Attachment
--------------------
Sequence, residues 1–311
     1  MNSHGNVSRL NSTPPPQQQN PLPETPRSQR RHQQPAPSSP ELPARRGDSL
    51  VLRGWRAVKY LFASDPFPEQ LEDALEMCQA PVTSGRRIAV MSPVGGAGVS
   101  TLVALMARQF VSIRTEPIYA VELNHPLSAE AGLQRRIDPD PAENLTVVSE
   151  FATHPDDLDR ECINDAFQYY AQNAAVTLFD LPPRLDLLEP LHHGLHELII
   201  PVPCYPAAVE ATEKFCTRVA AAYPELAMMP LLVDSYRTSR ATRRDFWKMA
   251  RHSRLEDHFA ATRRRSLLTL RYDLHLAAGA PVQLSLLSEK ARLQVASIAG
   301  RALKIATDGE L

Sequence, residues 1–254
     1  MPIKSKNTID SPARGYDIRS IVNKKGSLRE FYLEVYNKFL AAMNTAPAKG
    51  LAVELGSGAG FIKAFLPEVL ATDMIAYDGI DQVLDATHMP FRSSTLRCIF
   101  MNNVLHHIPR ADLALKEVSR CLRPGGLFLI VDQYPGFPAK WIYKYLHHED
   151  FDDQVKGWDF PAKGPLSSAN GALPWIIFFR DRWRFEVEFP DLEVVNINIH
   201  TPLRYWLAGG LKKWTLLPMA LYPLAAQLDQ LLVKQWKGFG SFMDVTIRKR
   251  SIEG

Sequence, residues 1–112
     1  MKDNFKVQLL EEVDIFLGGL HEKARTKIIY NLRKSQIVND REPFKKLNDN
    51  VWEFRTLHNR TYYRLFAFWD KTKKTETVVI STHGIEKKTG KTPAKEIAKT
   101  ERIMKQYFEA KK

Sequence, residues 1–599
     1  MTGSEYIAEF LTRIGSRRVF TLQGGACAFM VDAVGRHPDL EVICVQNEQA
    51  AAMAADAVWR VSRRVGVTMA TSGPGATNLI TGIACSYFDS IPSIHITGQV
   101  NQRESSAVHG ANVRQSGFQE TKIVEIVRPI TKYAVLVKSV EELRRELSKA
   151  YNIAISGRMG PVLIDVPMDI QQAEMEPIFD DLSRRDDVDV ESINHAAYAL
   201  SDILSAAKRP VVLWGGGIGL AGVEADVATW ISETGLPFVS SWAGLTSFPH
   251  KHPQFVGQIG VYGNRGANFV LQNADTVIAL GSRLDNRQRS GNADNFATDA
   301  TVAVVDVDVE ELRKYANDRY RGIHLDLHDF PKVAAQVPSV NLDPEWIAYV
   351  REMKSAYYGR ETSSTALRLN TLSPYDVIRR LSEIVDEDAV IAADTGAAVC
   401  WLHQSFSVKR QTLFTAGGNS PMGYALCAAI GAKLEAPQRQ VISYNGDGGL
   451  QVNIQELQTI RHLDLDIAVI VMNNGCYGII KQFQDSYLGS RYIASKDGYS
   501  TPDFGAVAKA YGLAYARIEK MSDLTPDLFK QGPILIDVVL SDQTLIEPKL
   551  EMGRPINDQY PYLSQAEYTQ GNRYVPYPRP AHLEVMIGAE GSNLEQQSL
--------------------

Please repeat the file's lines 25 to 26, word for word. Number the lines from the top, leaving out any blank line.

   201  SDILSAAKRP VVLWGGGIGL AGVEADVATW ISETGLPFVS SWAGLTSFPH
   251  KHPQFVGQIG VYGNRGANFV LQNADTVIAL GSRLDNRQRS GNADNFATDA